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Retail Business



Store Operations...

Most retail jobs are in store operations. Jobs include management roles such as supervisor and retail manager and work on the shop floor such as sales assistant and checkout operator. 

Examples of these jobs include:

Retail managers are in overall charge of a retail outlet. This could be a department store, local or national chain store, supermarket or an independent shop selling goods such as clothes, books, wine, gifts or electrical items. In large stores, there may be more than one manager, each responsible for a specific department, and there will also usually be other managerial staff at a lower supervisory level working on the shop floor.

Retail assistants deal with all aspects of retailing such as keeping displays looking good, restocking shelves, greeting customers, dealing with queries and sales, operating tills and barcode readers and keeping the retail outlet clean and tidy. Their work varies, depending on the type and size of the store.

Checkout operators help customers, who have chosen their shopping, to pack and pay for their goods. They do a range of other duties including weighing and pricing some items such as vegetables, removing security tags, answering customers queries, checking age of customer when selling age-restricted products such as knives, and reporting any problems or difficulties to their supervisors. They may also need to spend time away from their till, filling shelves, checking stock and working on a customer service desk.

Personal shoppers are employed to give customers advice on the clothes and accessories that suit them. To do this they will carry out a consultation to find out as much as possible what the customer is looking for, what colours suit their skin and hair colouring and what styles suit  their body shape. They would then take the customer around the store giving advice and selecting items for them to try. They would keep records for future visits and sales calls and also organise sales and delivery if needed.

This section only includes a sample of jobs in store operations -  other jobs include; stock replenishment assistant/stock control, department manager, floor manager, supervisors, and specialist sales assistants in areas such as bookselling, butcher, floristry, greengrocery and jewellery sales.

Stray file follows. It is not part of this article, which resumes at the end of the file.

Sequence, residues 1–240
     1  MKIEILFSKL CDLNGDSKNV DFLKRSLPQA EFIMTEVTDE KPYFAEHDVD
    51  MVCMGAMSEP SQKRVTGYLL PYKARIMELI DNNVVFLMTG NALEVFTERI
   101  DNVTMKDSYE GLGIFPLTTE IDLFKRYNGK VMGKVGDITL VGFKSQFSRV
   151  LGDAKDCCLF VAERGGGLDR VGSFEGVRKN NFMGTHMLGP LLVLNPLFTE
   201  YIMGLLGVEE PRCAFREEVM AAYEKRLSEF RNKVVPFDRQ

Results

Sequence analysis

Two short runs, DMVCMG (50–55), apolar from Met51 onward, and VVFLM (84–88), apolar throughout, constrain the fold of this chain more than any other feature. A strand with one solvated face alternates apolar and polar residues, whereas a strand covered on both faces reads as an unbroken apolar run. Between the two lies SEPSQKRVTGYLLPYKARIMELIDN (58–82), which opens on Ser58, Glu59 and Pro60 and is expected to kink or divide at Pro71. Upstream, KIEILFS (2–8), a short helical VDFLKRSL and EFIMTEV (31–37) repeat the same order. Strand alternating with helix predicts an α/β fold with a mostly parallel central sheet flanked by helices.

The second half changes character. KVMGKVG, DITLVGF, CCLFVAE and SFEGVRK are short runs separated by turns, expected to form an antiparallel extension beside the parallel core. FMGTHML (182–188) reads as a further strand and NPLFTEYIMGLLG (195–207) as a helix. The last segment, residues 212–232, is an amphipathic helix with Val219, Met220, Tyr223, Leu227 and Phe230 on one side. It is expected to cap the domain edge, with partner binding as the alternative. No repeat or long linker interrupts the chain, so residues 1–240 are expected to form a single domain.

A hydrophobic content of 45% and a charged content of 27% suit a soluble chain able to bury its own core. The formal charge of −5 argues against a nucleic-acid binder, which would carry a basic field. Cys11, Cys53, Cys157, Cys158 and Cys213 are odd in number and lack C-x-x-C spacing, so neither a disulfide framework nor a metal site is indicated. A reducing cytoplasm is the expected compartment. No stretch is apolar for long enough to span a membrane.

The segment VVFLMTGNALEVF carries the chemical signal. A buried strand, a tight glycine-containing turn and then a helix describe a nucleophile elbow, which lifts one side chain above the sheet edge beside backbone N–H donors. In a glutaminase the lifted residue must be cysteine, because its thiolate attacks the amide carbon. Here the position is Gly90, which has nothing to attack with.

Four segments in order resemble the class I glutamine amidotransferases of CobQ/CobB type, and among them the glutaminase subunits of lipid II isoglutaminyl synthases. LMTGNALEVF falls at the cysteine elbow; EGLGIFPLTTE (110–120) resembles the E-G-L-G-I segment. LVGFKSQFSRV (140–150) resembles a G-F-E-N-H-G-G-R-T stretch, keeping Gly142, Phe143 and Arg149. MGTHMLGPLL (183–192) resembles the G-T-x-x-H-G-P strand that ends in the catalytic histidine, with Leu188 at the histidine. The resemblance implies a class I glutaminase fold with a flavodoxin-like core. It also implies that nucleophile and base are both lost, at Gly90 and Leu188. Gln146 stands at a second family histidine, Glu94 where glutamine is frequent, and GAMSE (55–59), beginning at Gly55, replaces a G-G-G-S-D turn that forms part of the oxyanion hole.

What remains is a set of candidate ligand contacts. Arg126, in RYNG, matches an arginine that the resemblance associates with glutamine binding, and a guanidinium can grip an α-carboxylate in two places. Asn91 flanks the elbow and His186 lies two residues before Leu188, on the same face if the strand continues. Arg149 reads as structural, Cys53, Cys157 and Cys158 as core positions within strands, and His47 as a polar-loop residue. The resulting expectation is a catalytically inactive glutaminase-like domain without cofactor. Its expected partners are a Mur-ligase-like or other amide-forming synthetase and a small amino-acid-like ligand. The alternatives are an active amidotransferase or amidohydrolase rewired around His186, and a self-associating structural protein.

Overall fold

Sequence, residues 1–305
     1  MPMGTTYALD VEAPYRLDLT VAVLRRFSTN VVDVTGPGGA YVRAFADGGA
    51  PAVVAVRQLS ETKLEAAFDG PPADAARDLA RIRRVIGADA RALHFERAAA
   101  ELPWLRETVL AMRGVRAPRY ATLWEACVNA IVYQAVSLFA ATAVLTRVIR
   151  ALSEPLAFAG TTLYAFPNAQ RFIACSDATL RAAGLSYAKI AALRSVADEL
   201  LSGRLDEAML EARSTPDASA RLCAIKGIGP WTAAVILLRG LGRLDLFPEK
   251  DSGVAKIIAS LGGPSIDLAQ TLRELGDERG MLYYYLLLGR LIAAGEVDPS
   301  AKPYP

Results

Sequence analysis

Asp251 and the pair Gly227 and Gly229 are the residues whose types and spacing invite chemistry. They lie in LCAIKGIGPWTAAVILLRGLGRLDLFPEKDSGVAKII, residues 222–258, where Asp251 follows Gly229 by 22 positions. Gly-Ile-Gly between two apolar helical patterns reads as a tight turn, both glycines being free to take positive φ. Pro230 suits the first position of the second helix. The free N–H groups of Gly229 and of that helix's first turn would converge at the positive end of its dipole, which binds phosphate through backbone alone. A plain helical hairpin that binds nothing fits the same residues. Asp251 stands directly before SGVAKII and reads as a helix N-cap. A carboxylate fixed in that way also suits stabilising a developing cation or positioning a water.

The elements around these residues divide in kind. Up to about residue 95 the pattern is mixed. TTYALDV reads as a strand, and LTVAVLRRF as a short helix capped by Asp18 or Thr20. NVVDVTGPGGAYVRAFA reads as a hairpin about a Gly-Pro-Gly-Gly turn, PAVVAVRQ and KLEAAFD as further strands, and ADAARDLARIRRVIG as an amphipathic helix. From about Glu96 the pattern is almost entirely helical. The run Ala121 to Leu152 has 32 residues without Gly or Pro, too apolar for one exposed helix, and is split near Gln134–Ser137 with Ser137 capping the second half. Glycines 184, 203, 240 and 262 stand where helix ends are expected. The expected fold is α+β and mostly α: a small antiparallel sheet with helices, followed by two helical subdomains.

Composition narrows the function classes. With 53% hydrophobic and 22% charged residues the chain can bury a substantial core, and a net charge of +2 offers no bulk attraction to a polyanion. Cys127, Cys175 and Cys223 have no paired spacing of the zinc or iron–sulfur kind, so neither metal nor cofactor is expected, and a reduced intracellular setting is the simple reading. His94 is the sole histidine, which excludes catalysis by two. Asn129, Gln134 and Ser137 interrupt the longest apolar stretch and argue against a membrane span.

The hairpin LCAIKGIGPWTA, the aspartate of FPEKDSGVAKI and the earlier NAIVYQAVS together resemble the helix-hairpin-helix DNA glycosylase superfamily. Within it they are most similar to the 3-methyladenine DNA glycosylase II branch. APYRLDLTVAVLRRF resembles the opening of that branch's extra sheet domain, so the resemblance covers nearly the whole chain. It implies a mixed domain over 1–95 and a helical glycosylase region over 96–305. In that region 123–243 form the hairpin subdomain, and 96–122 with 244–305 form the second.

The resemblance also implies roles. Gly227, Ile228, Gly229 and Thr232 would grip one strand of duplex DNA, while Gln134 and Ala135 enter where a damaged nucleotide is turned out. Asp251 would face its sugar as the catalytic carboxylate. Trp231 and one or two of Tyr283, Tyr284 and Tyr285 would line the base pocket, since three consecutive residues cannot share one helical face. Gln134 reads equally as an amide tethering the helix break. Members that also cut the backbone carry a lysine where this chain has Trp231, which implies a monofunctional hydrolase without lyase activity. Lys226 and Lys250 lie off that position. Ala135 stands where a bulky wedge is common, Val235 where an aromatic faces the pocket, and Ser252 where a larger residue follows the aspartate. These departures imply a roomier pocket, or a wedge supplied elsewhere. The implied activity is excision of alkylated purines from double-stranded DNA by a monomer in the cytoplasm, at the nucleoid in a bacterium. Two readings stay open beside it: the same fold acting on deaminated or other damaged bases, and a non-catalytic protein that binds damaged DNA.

Buying for retail businesses is about purchasing the best merchandise to sell making sure that the price, quality and availability are right. Buyers can maximise profits if they understand what will sell, and get it at the right price and in the best condition.

Jobs in buying include:

Retail buyers plan, select and buy the goods that are sold in retail businesses. Many buyers have a specialist area that they buy - for example buying the wines for a large chain of supermarket or clothes for a fashion chain. They need to be able to work out what the current trends and buying patterns are and search out new products and suppliers.

Retail merchandisers negotiate prices with suppliers as they need to help to maximise profit. They liaise with retail buyers, who select the product ranges, to plan the range of goods to be sold. Merchandisers decide on the exact quantity of goods to order and determine specific stock levels for each retail outlet - often using computer modelling software to look at previous sales and predict future performance. They also work closely with marketing personnel to promote special offers and sales identifying products for promotion - often linked to supplier discounts.

Smaller retailers may combine buying and merchandising roles in a general retail management position.

Customer Contact Centres...

Retail businesses, as well as banks and many other organisations, run contact centres. In retail they are usually part of a customer services department. Contact centres respond to and solve any problems raised by their customers whilst shopping from their websites or in their stores. They may replace products and/or refund or compensate the customer where a product or service did not meet the customer's expectation.

Contact centre (or call centre) operators are employed to keep in regular contact with their customers by telephone, email, SMS messaging, online instant messaging and post.  Contact centre operators may accept orders for home delivery, deal with payment for goods, and enquires or complaints about deliveries. They may help to solve technical problems with computer usage - for example customer problems with online services, or with products they have bought from the retailer such as an electrical or household appliance. 

Operators working in marketing or market research also work from call centres but in this case they initiate the calls. They contact a list of potential customers and cold-call them to sell products or obtain information.